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Tucows Sending Expiry Inventory to NameJet


NameJet LogoAccording to an email sent to NameJet customers earlier this afternoon, the auction platform is now auctioning Tucows' expiring domain name inventory. Here's what NameJet sent to its customers today announcing the new auction inventory:

"NameJet announces a substantial increase to our registrar expiry inventory with the addition of expiring names from Tucows. Tucows has been an ICANN accredited registrar since 1999 and possess a large number of aged domains. This recent integration means more inventory of quality names are being made available every day on NameJet!"

I just learned that Tucows is now sending all of its expiring inventory to NameJet. When asked to comment on this via email, Tucows CEO Elliot Noss referred me to Steve Barnes, Vice President of Retail & Aftermarket at Tucows. "We're now sending all of the Tucows expiry to NameJet," Steve told me. I am unsure about how many domain names a month this will add to NameJet's inventory.

I also reached out to (more…) → Read More

I Use GoldNames to Track NameJet Bidders


I have most likely spent six figures on NameJet auctions in the last year or so. It's not something I really track, but I am an active buyer on NameJet. I only mention this because it should go without saying that I trust the fairness of the platform, otherwise I would not participate in auctions.

One of the features of NameJet is that I am able to see who else is bidding on an auction. Even though I don't personally know many of the bidders I regularly compete against, it is good to know that if I don't win the other competitors are going to follow through and pay. As a seller on NameJet, it is also helpful to know that someone who is winning an auction is actually going to pay should their bid be the highest.

Because I don't know all NameJet bidders, I regularly turn to the blog to see if I can find a bidder's history. GoldNames seems to track many (maybe most but I don't know) of the auctions that are run on NameJet. GoldNames also tracks the winning bidder of the auction.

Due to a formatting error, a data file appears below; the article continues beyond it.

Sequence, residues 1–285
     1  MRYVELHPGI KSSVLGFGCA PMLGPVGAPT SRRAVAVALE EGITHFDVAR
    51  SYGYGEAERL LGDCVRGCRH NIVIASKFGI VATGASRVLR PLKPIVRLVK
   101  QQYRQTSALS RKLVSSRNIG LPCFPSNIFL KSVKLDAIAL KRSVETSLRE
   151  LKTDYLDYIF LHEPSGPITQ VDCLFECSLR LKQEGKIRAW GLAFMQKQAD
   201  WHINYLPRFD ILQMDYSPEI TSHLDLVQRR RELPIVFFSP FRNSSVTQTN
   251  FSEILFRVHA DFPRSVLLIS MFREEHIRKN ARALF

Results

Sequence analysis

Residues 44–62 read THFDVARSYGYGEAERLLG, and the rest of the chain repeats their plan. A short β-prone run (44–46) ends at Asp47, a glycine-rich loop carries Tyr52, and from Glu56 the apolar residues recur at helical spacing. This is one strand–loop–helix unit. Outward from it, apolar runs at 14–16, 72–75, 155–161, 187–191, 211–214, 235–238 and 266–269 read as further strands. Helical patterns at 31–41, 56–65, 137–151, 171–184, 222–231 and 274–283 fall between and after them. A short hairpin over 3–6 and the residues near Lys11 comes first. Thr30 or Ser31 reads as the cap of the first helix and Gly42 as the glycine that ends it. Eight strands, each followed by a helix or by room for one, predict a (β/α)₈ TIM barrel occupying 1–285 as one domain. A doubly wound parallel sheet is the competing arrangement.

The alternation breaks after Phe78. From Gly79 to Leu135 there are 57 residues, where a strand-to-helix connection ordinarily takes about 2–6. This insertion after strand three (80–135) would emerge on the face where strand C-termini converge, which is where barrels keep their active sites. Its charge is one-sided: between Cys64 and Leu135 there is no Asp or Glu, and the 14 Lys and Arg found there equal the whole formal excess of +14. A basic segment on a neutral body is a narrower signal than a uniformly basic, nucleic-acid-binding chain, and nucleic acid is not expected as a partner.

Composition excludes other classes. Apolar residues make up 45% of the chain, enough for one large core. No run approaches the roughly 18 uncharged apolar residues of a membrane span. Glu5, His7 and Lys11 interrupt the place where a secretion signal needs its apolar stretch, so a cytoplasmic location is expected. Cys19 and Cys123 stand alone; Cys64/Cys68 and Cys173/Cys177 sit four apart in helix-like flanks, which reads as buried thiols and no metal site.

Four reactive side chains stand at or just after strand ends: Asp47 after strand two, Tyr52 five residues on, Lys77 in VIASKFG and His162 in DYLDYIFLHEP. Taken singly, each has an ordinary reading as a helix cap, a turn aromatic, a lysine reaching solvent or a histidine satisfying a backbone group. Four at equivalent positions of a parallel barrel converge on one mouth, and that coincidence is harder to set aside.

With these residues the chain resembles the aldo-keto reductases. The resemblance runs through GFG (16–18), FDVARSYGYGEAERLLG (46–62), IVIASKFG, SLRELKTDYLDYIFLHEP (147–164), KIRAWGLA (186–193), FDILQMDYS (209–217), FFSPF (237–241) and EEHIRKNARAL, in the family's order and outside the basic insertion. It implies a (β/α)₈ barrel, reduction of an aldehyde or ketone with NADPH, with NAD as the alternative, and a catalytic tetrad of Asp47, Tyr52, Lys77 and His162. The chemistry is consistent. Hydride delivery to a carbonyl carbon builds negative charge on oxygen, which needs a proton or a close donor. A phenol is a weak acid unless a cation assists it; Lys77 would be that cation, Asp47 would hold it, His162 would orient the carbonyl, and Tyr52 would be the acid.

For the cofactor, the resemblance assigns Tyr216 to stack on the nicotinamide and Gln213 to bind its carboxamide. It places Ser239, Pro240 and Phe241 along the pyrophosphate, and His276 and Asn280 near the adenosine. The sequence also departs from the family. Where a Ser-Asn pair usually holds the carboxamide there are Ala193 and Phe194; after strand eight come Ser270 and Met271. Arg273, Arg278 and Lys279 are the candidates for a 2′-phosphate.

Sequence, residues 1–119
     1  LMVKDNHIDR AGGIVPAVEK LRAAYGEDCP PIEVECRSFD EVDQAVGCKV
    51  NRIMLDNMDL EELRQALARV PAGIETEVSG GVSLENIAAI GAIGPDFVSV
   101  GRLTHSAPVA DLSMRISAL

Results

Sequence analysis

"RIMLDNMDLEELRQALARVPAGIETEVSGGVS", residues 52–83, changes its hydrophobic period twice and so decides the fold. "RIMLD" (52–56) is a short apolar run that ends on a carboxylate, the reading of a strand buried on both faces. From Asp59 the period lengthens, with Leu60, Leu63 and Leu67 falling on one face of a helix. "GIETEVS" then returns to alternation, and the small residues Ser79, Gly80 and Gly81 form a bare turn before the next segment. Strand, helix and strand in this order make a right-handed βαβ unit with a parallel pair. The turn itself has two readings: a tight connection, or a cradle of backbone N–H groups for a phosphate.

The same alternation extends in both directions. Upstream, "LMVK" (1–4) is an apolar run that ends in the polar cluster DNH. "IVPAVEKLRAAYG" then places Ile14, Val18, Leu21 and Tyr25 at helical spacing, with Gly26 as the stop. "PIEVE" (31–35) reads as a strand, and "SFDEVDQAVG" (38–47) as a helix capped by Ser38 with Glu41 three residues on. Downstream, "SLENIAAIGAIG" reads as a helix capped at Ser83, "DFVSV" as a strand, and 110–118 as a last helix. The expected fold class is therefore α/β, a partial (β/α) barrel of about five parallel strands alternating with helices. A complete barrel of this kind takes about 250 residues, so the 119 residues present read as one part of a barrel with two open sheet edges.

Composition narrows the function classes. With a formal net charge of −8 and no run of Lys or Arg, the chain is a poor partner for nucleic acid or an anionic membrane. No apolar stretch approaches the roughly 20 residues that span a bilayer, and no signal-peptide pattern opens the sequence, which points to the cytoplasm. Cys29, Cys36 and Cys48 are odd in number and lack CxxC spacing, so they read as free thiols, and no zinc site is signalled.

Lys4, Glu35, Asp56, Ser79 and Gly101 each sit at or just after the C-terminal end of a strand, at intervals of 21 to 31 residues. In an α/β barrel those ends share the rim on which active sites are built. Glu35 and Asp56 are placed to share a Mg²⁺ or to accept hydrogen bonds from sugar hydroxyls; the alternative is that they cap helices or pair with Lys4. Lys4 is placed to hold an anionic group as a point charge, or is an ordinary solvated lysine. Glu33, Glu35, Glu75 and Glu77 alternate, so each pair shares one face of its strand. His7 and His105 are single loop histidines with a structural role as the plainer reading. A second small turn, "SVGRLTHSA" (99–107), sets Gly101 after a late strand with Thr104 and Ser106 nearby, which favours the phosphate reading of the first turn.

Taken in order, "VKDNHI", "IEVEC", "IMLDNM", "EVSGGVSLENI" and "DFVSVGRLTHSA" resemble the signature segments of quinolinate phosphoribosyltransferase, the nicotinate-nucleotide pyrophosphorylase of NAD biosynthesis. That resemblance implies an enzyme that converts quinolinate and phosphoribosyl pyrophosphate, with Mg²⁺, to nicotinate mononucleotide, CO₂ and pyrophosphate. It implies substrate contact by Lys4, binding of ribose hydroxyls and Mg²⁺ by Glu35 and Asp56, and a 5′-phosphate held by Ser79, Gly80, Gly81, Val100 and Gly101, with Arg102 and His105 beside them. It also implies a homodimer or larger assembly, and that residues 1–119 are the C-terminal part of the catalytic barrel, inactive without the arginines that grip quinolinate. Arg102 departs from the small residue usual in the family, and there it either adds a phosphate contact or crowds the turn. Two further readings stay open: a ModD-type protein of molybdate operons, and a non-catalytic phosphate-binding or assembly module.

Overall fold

I sometimes find it easier to use → Read More

Reserve Ranges Not Shown on NameJet App


When I saw Konstantinos' article today about NameJet bidding, it reminded me of a topic I intended to write about before but never got around to it. It makes me wonder when I see an auction with a high bid of $25,000, $50,000 or even $100,000 when the auction has a reserve price of $100,001 - $250,000. Why would someone bid on an auction when their bid will be below the reserve price minimum? What's the point?

I presume there is a legitimate strategy behind this kind of bidding because I see bidders who I know have spent 6 figures+ on auctions doing it, but I want to point out something that could also be a reason for it. NameJet does not show the auction reserve range on its iPhone bidder app. Bidders who use the app to place bids are doing so somewhat blindly.

On my app that I use regularly when I am away from my desk (more…) → Read More

UDRP for After Selling for $2,600 on NameJet (Update)


A UDRP was filed for the domain name at the World Intellectual Property Organization (WIPO). The UDRP is WIPO Case D2017-0685. I think this case will be an interesting one to follow, especially for people who participate in expired domain name auctions. has a creation date of April 12, 1995, making the domain name more than 20 years old. The domain name is currently registered to an individual, and when I visited today, the domain name did not resolve. Most interestingly to me, this domain name was just won on NameJet at the end of January for $2,600, according to NameBio.

Screen Shot 2017-04-05 at 12.37.20 PM

The complainant in this UDRP is Cousteau Society, Inc., (more…) → Read More

See What The Prior Price Was Before Buying


I was backordering some domain names at NameJet when I decided to see what brought them to the auction block. Specifically, I wanted to see if the domain names were expiring or if they were being offered by a private seller. After doing a Whois search on DomainTools, I noticed that they had been owned by a large portfolio owned because of the screenshot shown on DomainTools.

There were two important pieces of information that I could see to help guide me on my backorder and my bidding strategy:

  • I could see the domain names from the prior had been listed for sale for a number of years

  • I could see the asking price and historical asking prices using the Screenshot History Tool

This was critical information for me. If (more…) → Read More

Bidding on Facebook Typo Seems Unwise


One of the top ten domain names listed under "The Drop" category on NameJet's homepage today is With a little over two days to go until the expired domain name auction, there are ten bidders with a high bid of $166. This does not count any bids who placed backorders at SnapNames, DropCatch, Pheenix, or other drop catch auction platforms. Bidding on this domain name seems unwise to me.

Facebook has filed quite a few UDRPs for domain names the company believes is infringing on its mark. In fact, it looks like the company is undefeated in UDRP filings. Although I don't recall reading about a cybersquatting lawsuit filed by the company, that doesn't mean there have not been any filings, and it certainly doesn't mean that there won't be future litigation if the company feels it is necessary.

From my vantage point, this kind of domain name is all risk and hardly worth the risk. I understand that when there is money to be made, there will always be people willing to take the risk, but it is a bad look for the business of → Read More

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